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The Illegal Cactus Market: How The Multi-Million Dollar Industry is Driving Hundreds of Species to the Edge of Extinction

Spiking in more ways than one.

Credit: DRCEVNL / Youtube

The trafficking of various cacti breeds makes up an industry worth millions of dollars and poses a serious threat to the biodiversity of the cactus family. A recent bust has revealed over $1 million worth of smuggled rare cacti breeds in Italy this year.

Experts estimate that upwards of 30% of all natural cactus variations are facing a serious risk of total extinction, should the harmful and unregulated smuggling of the plants continue. 

Chile is a particular hotspot for such cactus cargo, with over 180 unique types of cactus native to the country. Earlier this year, law enforcement uncovered a shipment of over $1.2 million worth of the plants in Italy, the majority of which were Chilean in origin. It is believed shipments such as these would be passed on to sellers on the black market.

Credit: DRCEVNL / Youtube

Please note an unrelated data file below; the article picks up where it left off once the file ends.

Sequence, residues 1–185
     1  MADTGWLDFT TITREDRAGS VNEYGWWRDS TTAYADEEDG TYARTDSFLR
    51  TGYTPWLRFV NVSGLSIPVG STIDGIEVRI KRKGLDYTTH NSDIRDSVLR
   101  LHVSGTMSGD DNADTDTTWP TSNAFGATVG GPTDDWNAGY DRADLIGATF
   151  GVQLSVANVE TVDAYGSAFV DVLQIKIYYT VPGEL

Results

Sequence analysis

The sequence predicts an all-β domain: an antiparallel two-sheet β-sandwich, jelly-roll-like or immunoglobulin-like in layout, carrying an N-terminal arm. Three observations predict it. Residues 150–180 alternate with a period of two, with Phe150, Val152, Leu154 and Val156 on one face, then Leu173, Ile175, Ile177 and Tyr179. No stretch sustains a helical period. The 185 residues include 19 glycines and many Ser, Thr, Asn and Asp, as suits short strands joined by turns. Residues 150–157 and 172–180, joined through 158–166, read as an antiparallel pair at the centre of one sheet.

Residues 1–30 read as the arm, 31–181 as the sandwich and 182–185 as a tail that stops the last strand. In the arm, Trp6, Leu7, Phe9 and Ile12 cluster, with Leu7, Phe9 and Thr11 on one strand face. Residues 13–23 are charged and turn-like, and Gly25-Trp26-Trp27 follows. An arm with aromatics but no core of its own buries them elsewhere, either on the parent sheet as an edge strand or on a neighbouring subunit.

Whilst the shipment of such cargo across the Chilean border is illegal, traffickers continue to evade the law, with Andrea Piombetti, the mastermind behind the latest bust, having been previously caught for similar crimes in 2013. 

The issue has only increased in prominence, with cases such as this appearing all over the world as the trade grows. 

The unlawful and unregulated shipment of cacti is having disastrous effects on the natural habitats of such plants, as their existence in the wild is threatened. 

Jared Marguiles, a geographer at the University of Alabama, has extensively studied the harmful impacts of plant trafficking and urges authorities to investigate these cases more extensively. 

“The basic functioning of the planet would effectively grind to a halt without plants, but people care more about animals. A lot of plant species are not receiving the amount of attention they would be if they had eyes and faces.”

Of the over 1,000 cacti seized in the operation, 844 were sent back to Chile, 100 died, and the remainder were kept in Italy for further study.

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